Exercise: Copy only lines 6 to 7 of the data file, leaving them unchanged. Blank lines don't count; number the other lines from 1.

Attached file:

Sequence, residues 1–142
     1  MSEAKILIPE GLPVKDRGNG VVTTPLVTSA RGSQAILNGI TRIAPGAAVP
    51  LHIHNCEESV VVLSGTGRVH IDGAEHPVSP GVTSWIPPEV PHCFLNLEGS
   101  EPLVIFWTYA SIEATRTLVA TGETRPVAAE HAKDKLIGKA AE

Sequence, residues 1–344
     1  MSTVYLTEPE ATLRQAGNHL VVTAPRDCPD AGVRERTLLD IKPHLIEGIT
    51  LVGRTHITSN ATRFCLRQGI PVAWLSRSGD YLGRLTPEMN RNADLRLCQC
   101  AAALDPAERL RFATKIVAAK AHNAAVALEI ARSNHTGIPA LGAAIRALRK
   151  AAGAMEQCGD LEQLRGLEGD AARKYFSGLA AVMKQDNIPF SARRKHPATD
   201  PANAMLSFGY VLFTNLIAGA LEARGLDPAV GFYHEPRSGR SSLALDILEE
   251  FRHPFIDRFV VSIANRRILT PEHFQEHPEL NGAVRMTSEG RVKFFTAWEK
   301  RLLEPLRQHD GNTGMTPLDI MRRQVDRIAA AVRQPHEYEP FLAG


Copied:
     1  MSTVYLTEPE ATLRQAGNHL VVTAPRDCPD AGVRERTLLD IKPHLIEGIT
    51  LVGRTHITSN ATRFCLRQGI PVAWLSRSGD YLGRLTPEMN RNADLRLCQC